An obsession with the sea

The rugged skyline of the Massif de l’Estérel seen from the Bay of Cannes

The ancient European cultures were nourished by an obsession with the sea. The foundation myths of the Greeks and the Romans, their theogonies and a large part of their self-understanding focused on the sea.

The thalassobsession of the ancients, the matrix of the modern world. The sea represents both the highway of exchange and the byway of fear and death, the source of life and the risk of dissolution. The ancient ambivalence towards the Middle Sea was built into most Greco-Roman myths. Agamemnon’s armies made their wildest dreams of conquest come true through the intercession of the sea, but the victorious Greek were lost to the deep on their way back.

What role does the sea play in our culture today? A switchboard for mass tourism, the gentle, solar, tamed, instagrammable sea, an object of immanent admiration cut off from the tapestry of our being.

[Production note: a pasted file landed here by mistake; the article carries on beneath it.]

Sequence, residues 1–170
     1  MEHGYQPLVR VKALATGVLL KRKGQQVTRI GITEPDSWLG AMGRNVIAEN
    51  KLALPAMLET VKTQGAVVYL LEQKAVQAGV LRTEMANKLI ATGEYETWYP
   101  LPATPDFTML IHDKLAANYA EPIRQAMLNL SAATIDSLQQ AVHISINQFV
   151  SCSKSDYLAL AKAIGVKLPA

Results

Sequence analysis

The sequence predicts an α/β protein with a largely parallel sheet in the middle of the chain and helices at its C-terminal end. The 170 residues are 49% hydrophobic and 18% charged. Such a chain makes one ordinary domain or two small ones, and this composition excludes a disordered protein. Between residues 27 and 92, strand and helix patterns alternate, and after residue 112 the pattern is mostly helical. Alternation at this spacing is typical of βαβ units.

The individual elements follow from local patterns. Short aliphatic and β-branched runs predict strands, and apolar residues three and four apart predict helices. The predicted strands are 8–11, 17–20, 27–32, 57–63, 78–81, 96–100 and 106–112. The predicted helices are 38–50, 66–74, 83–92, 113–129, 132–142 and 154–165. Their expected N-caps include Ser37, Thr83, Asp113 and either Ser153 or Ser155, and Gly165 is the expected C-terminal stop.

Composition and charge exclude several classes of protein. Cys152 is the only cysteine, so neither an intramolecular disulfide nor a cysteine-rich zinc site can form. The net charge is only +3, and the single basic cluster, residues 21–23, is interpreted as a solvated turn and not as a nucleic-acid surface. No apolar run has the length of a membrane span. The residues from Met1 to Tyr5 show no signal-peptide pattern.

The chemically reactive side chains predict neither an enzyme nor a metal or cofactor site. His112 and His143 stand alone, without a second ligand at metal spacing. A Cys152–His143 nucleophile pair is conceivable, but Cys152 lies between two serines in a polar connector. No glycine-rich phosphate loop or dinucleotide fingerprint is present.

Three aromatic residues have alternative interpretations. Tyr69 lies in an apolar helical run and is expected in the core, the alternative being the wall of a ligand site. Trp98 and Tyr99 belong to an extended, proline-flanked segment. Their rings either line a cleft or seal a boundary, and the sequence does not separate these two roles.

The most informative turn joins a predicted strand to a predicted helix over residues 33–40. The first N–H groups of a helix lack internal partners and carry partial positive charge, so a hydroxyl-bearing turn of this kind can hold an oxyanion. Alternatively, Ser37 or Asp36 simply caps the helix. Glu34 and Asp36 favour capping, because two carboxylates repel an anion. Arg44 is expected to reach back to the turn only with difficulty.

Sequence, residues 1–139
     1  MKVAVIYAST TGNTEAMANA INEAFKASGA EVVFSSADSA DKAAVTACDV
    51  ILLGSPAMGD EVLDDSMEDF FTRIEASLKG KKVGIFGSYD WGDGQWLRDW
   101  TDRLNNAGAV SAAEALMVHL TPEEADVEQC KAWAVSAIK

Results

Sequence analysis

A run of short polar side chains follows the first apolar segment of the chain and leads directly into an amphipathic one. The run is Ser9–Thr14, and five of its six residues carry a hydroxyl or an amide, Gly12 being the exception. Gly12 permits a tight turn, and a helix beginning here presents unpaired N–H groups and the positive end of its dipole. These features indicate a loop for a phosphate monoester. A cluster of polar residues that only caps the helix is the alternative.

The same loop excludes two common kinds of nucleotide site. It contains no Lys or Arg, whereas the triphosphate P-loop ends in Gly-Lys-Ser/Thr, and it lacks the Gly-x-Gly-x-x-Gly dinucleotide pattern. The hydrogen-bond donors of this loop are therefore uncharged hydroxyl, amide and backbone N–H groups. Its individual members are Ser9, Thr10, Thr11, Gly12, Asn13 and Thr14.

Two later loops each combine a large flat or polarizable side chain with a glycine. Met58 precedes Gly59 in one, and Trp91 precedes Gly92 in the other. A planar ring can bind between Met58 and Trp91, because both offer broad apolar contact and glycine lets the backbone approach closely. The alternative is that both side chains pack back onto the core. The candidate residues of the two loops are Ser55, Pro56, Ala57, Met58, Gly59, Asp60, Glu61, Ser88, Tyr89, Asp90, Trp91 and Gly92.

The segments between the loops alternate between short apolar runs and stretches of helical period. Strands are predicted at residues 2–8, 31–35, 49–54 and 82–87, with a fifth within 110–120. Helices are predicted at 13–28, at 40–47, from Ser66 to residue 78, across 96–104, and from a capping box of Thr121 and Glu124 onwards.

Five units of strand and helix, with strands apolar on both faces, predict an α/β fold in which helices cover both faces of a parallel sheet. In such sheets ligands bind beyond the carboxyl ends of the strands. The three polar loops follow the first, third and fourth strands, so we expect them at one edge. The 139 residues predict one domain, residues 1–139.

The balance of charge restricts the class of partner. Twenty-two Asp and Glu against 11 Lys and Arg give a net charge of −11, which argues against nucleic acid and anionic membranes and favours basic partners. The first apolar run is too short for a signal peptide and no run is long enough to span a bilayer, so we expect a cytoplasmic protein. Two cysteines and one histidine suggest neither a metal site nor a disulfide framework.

The myth of the sea was lost after the fall of Rome. It was given a new lease of life during Romanticism, but compared to the ancients, this kind of thalassobsession was manneristic at best, decadent at worst. We ride the waves but we’ve lost the sea.

In the Middle Ages, the obsession with land replaced the sea. The sea got modernised, a transport convenience, nothing more. In Dante, the last flickering of a metaphysics of the sea flares up and then dies forever.

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